The research, funded by the British Heart Foundation and published in the magazine Heart, revealed that women were less likely…
The research, funded by the British Heart Foundation and published in the magazine Heart, revealed that women were less likely to receive guideline care for heart attacks compared with men.
Researchers at the University of Leeds found that women in Britain had more than twice the median death rate than men during the 30 days after heart attacks. Their results revealed that 5.2% of women died in the same period after a myocardial infarction, compared with only 2.3% of men, corresponding to a 2.26-fold increase in relative risk of death.
“We know that women die because of uneven heart attacks – and now we have identified the shortcomings we need to save lives,” said Chris Gales, professor of cardiovascular medicine at the University of Leeds and senior author of the report.
“We have to deal with the false perception that heart attacks are just a male health issue,” added Nilesh Samani, medical director of the British Heart Foundation. “This leads to insufficient care for women ̵
1; both at the time and after the heart attacks – with fatal consequences.”
Figure from the study shows that approximately 70,000 women attend the hospital every year in the UK with heart attacks. up to 25,000 of them die.
Researchers estimated that 8 243 of the deaths recorded between 2003 and 2013 could have been avoided in England and Wales if women had the same quality of care as men.
However, they noted that the true number of lives lost due to inequality was probably significantly higher, as the study did not cover heart attacks in Britain during the 10-year study period.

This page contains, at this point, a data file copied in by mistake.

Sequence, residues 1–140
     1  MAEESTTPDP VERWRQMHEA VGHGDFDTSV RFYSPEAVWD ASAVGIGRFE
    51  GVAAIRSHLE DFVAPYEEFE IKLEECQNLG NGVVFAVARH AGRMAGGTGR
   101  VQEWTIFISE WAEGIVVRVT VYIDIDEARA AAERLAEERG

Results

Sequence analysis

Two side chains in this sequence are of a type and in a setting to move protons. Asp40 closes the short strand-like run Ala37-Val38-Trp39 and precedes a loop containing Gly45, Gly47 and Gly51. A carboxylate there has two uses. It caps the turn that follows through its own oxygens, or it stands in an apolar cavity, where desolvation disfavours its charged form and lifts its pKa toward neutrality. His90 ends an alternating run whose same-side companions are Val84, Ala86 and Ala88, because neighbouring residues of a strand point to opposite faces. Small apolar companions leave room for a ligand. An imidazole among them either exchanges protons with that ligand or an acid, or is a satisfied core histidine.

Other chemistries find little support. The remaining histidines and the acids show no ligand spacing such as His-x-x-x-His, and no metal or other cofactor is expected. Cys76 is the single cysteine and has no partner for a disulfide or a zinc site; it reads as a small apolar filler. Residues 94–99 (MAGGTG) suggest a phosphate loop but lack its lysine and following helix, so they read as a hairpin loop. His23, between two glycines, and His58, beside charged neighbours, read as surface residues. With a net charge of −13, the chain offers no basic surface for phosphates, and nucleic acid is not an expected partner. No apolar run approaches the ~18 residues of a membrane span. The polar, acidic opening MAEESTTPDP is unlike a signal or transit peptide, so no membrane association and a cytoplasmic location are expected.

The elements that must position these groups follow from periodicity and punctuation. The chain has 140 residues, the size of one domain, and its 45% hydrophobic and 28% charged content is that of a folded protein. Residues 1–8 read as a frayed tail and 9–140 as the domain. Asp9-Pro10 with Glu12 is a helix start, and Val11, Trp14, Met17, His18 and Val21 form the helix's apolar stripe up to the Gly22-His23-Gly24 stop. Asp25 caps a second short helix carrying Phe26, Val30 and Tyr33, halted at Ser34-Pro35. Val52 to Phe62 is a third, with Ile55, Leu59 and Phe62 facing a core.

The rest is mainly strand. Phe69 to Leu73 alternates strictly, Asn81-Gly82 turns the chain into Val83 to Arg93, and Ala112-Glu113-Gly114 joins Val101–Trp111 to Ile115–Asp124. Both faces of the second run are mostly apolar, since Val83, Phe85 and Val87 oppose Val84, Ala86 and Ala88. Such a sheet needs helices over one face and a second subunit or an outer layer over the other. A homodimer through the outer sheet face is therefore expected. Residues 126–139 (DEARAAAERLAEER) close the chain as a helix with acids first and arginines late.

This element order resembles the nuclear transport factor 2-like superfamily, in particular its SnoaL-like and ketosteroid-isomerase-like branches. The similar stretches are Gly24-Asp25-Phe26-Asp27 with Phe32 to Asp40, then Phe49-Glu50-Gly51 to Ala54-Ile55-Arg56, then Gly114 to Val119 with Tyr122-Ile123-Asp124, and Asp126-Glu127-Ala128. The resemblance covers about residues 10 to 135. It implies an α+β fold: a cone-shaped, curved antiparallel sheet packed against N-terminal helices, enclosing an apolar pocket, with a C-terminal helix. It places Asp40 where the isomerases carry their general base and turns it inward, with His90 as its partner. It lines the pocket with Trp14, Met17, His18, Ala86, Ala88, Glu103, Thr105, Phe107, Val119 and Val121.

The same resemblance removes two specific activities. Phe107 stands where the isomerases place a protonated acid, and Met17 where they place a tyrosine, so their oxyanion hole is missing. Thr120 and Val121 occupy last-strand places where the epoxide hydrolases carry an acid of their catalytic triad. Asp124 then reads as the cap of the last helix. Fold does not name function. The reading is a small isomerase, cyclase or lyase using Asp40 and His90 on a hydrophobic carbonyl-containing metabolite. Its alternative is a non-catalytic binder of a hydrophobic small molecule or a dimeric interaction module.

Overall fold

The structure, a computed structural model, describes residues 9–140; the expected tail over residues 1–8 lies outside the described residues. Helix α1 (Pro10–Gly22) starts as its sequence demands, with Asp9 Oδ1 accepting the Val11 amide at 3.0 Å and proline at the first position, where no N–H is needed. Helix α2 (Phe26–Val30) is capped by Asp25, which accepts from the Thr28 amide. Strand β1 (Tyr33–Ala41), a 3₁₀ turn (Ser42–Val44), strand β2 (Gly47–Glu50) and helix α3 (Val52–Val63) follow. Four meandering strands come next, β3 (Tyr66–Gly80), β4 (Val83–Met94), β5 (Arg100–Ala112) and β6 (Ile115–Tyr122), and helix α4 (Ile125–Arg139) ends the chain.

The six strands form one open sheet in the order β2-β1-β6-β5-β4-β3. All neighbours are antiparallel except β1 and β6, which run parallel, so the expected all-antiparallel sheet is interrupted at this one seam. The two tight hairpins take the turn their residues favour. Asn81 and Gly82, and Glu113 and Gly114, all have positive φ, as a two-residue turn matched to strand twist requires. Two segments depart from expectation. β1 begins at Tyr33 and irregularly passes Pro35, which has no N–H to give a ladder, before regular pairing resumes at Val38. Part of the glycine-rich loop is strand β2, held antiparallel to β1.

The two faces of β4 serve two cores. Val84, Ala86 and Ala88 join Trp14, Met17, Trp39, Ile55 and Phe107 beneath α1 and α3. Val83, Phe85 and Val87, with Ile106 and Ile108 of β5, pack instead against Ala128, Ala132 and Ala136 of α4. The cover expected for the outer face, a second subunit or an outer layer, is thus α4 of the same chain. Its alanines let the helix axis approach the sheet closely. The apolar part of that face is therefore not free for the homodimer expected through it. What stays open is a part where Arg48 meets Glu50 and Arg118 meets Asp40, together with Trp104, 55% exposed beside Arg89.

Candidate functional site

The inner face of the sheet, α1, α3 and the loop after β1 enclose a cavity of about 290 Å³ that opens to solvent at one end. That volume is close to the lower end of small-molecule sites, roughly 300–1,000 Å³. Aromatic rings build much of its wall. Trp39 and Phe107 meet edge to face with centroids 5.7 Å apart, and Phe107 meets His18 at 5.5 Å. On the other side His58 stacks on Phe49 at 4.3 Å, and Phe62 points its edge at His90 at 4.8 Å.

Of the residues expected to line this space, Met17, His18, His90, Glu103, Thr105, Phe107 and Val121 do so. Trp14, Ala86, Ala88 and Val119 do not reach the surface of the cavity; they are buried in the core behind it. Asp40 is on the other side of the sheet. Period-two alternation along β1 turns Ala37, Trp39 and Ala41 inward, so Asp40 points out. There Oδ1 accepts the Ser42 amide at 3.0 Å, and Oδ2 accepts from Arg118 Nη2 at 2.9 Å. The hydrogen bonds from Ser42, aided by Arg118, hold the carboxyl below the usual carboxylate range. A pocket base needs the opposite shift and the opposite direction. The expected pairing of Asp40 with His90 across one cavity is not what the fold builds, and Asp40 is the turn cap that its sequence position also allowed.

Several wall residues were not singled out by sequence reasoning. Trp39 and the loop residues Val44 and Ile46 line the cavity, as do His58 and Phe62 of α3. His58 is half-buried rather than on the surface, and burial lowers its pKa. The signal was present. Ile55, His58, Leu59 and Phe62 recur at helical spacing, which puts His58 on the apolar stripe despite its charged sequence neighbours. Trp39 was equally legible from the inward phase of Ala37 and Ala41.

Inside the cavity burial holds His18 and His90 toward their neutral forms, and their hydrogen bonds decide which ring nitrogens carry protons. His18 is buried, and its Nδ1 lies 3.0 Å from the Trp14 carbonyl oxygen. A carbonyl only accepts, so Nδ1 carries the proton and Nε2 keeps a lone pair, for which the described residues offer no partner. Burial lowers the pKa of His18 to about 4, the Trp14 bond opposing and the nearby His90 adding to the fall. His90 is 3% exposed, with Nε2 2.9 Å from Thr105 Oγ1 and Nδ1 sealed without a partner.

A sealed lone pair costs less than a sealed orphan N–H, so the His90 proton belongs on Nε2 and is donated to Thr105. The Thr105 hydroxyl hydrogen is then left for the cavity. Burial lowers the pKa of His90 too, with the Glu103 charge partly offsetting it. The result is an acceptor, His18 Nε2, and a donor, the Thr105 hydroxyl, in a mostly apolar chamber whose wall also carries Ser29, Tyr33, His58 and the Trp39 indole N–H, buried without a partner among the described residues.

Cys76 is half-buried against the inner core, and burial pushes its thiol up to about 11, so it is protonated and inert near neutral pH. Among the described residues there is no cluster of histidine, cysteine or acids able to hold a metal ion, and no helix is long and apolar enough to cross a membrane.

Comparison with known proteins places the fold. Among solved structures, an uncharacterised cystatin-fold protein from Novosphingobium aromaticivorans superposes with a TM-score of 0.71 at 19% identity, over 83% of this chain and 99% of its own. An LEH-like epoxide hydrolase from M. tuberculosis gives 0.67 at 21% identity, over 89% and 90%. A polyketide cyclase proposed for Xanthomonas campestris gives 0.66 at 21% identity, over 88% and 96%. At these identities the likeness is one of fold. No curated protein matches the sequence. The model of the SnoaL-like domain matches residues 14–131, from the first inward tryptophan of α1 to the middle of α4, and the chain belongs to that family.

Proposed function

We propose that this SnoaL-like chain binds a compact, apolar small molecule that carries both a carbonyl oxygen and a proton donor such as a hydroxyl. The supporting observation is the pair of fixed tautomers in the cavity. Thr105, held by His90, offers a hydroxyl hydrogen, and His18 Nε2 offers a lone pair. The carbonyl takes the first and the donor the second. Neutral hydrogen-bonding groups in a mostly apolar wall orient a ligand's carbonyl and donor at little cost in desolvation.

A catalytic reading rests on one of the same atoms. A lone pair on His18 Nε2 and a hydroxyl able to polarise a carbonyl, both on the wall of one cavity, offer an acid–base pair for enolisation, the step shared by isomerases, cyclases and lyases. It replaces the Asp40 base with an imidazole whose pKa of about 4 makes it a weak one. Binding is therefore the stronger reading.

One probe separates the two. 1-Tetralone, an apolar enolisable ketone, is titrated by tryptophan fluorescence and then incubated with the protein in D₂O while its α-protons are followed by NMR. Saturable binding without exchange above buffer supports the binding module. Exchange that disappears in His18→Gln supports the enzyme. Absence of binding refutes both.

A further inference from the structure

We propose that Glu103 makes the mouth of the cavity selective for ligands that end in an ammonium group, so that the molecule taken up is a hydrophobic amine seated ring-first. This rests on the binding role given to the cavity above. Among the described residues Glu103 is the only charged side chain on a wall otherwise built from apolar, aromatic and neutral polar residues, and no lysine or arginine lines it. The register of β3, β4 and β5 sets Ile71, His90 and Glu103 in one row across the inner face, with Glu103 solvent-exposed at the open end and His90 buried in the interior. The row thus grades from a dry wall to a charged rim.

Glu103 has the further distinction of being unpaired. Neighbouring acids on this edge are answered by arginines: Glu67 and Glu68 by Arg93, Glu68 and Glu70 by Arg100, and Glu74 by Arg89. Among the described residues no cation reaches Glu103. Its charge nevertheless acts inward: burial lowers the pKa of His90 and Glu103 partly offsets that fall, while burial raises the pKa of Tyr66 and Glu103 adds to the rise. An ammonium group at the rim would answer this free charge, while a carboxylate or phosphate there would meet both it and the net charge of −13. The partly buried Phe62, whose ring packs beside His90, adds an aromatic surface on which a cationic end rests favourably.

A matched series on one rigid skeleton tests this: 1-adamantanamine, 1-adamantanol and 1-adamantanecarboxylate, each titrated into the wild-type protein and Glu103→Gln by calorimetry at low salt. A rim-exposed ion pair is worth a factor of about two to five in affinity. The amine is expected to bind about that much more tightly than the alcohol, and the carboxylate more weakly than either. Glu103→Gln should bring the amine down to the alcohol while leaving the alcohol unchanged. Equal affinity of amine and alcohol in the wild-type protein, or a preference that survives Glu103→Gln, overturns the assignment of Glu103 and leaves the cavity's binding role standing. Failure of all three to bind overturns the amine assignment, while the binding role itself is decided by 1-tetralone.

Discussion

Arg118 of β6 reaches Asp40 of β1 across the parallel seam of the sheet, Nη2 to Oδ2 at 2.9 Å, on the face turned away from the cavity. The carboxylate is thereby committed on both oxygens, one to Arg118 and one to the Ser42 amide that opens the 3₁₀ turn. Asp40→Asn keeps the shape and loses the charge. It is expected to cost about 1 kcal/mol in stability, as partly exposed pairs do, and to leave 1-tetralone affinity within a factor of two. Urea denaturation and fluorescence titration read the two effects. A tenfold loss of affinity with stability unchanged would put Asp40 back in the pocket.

Regarding the cause of the difference, Gales said that women often do not get coronary angiography – – Video images that reveal reductions or blockages in coronary arteries – immediately when they arrive at the hospital and put them in a “disadvantage right from the start”. He added that such delays have “knocking on effects”, which could create additional “shortcomings in the line”.
“Even the differences may seem small, but also in a high-performance health system like Britain, put small deficits in health care over a population to reveal a much bigger problem and significant loss of life,” he added.
The study also found that women who had a non-STD myocardial infarction – a type of myocardial infarction that tends to affect older people and at greater risk – were less likely to get correct coronary angiography within 72 hours of their first symptom .
And women with ST elevation myocardial infarction – a very serious type of heartbeat where the coronary artery is completely blocked – 2.74% were less likely to receive vital treatments, including access to drugs and stent procedures.
The findings were confirmed by Dr Zachary Whinnett, consultant cardiologist at Imperial College London, who said to ensure that women get Proper treatment is likely to lead to improved survival levels.
“A woman suffering from myocardial infarction currently has a higher risk of dying than if she were male. This study showed that differences in treatment can contribute to this increased risk,” he said.
“Although additional research is required, this is potentially an important result, as it indicates that the higher risk for women is not just due to biological differences from men. To ensure that women suffering from myocardial infarction get proper treatment without delay, comes likely to lead to improved survival. “
Researchers at the University of Leeds produced their findings using data from the UK National Heart Attack Register to evaluate the treatment and outcome of 691,290 people in heart attacks in England and Wales between 2003 and 2013.  However, the study did not cover all hospitalizations during the ten year period. Women on average have also been shown to be older when they reached the hospital and were more likely to suffer from other diseases, including diabetes and high blood pressure.